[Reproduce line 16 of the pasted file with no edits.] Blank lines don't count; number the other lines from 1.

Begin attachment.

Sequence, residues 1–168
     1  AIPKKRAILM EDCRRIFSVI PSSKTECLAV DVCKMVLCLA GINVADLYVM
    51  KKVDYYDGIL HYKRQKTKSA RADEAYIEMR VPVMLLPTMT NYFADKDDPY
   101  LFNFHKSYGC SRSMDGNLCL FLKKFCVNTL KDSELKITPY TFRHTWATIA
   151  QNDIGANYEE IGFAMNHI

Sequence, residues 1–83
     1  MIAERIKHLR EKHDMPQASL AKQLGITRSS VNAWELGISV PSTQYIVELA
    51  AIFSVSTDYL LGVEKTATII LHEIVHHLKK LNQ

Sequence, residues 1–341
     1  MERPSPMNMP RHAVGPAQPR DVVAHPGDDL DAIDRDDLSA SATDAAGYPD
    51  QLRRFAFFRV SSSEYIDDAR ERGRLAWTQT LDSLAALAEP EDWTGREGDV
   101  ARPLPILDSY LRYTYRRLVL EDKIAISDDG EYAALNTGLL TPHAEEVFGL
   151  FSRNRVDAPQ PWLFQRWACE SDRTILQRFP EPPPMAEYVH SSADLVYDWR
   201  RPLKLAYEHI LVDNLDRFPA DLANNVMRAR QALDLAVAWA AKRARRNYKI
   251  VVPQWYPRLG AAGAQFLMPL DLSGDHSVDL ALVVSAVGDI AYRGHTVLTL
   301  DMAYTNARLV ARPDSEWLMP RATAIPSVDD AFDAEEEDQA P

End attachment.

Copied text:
   301  DMAYTNARLV ARPDSEWLMP RATAIPSVDD AFDAEEEDQA P